There are the gatekeepers, those who keep readers in as well as those who keep readers out. And what is poetry? The WAPO article doesn’t really get to that. But we all know how popular jazz is, or is not. Or do we. John Cage said, “Jazz doesn’t work. If you’re going to have a conversation, have it, and use words.” Maybe poetry doesn’t work for the same reason. But work for what? But all those movies Big Dada indicates people seem to be watching, no jazz in them? No poetry? I’m not sure what sort of frontal lobe goes in for poetry. I feel somewhat ambivalent about spending more time on poetry on the blog these days, but we shouldn’t criticize a work of art for not being something it was not intended to be. I’ve come fully circle. Have you seen the Italian film “Il Postino”? Aunt Rosa goes to complain to Neruda for introducing Mario to metaphors he then uses to seduce Beatrice. But it’s Aunt Rosa who heats up her argument with Neruda with metaphors! But indeed in the end Mario discovers that poetry can be dangerous, as the politician Di Cosimo told him. Cage also said, “Music occurs whether we intend it or not”; and the same might be said of poetry. “And when we turn our attention,” Cage said, “to that music we did not intend, it is a pleasure.” And so we may turn our attention to that poetry we do not intend. Big Dada won’t know what to make of it.

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      1. philipparees says:

        From the quote John Cage has never listened to Indian Raag, which seems unlikely. Never was an orgasm more explicitly intended, and delayed than through that non-verbal conversation.
        I entirely agree that the poetry we did not intend has found its way through us, and comes from somewhere nearly beyond words, tiptoe words passing through the misted mind. I have seen the film but many moons ago, I must find it again. I suspect rappers are trying to trap poetry into protest ( and the hope of art-some is). I will report back next week after being brave and taking Involution into the basement of a London pub for an open mic slot. Everyone else will be a performance poet, so wish the old woman well?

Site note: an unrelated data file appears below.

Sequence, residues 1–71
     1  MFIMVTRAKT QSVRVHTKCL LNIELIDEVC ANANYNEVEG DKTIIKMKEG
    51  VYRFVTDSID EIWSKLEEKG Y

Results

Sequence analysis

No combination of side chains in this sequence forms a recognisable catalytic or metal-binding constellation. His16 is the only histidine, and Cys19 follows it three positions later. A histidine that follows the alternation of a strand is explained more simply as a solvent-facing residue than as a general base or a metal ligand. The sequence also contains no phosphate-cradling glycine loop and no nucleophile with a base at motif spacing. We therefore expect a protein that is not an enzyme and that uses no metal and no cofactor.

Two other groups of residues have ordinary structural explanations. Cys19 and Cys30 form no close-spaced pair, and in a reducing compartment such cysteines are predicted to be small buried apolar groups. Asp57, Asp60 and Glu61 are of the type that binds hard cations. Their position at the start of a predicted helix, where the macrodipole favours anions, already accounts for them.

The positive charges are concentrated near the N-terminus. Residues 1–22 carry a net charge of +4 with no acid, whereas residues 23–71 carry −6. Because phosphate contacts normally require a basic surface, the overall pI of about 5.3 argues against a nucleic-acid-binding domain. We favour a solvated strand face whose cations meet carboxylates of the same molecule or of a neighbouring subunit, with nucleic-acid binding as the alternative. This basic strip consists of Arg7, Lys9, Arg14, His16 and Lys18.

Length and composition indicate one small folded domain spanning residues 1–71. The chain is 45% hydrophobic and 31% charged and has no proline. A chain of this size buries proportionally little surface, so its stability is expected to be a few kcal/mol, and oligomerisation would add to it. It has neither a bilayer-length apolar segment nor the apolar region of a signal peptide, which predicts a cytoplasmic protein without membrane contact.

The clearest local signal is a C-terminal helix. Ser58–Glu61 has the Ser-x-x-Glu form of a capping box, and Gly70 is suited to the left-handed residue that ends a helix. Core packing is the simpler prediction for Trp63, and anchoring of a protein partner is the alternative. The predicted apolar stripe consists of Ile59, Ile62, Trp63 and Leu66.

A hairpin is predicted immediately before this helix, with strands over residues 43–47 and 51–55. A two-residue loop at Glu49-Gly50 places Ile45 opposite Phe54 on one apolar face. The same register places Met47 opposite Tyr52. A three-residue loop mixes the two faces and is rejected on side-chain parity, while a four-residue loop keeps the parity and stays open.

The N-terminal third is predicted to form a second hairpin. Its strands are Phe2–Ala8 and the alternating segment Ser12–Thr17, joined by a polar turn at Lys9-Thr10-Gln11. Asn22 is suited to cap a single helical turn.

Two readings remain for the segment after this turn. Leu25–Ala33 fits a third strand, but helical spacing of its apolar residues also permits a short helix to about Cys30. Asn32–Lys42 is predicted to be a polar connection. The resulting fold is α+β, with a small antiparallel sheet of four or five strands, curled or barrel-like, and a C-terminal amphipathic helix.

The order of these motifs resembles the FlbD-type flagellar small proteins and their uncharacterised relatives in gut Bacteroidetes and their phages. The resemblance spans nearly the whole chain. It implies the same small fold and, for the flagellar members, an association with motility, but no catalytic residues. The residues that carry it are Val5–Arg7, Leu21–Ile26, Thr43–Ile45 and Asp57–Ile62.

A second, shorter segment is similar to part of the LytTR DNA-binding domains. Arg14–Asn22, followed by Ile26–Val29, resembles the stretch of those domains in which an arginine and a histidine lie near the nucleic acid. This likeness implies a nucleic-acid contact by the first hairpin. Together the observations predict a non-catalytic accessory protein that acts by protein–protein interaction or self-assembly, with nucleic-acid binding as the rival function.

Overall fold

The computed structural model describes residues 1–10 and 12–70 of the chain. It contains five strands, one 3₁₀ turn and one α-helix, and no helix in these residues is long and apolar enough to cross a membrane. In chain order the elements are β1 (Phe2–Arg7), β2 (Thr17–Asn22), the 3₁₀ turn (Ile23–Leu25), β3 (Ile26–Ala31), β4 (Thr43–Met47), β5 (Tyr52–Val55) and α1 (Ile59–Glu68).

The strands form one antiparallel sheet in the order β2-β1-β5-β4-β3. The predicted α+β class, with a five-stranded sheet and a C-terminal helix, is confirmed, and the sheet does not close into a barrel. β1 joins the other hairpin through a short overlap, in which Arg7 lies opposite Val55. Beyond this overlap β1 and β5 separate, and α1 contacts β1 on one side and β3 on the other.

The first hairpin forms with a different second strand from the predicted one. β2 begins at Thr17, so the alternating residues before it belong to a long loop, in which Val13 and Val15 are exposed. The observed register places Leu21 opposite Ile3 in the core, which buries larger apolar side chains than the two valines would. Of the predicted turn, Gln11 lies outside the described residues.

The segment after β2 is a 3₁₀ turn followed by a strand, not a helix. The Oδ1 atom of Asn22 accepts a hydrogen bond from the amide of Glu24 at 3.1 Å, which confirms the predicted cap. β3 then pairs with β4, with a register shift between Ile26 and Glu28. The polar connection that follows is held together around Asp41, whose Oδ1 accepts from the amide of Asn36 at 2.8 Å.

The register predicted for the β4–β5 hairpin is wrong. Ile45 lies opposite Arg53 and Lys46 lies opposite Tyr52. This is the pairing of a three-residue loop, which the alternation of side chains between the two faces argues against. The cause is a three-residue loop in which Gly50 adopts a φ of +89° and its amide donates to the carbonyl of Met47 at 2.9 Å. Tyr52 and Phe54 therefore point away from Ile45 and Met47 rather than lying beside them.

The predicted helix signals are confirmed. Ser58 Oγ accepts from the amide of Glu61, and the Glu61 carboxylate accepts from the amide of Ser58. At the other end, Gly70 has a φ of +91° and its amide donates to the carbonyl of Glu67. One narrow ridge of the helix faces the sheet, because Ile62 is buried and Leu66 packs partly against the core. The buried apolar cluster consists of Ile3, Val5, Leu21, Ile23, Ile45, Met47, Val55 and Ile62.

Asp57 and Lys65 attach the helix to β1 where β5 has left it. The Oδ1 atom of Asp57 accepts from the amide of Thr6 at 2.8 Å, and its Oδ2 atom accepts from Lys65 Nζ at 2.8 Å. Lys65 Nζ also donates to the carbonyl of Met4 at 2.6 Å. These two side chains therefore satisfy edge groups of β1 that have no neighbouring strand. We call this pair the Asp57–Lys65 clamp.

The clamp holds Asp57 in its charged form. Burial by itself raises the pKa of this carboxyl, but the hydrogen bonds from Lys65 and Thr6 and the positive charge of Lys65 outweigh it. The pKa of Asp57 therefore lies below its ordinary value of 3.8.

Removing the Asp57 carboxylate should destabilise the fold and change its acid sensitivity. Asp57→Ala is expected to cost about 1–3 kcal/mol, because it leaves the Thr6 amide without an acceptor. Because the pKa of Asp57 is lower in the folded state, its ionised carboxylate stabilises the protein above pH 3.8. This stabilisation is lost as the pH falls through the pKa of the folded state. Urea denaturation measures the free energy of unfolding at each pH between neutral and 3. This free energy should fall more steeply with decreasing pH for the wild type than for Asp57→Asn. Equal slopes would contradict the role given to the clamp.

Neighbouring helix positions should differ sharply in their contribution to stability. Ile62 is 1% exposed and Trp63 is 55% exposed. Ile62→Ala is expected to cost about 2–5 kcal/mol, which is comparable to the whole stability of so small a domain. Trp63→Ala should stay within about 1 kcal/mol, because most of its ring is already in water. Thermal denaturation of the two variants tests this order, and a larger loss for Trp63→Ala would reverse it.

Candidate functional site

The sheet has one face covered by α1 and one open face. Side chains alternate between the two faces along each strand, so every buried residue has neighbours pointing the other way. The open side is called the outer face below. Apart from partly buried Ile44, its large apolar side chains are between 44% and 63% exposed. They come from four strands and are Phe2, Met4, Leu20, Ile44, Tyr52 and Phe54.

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        1. Joe Linker says:

          Yes, yes! Please have someone tape or film your reading for posting, if possible, if appropriate. Well, that’s very cool, open mic in a London pub for a reading of Involution. By the way, I read your award winning short story, “Looking for Lucas.” Another example of the dangers of writing, but as the narrator says, “In fact the writing was why I was coming out of that gate. I was there for lessons. If you can’t speak then writing is another country.” Like poetry, a country without borders, except those put up by Big Dada or the Border Patrol sitting on the Wall of the Big Canon.

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          1. philipparees says:

            I think it is likely to be recorded. Heart in mouth but if so will send link. Thanks!

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  2. Surfers and all things surfing it is then 🙂 I looked up parameciums, which somehow reminded me of Tove Jannson’s Hattifnaters.

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  3. bristlehound says:

    Ah! Time tinkling away in the company of a rambunctious table. CCR would be proud.B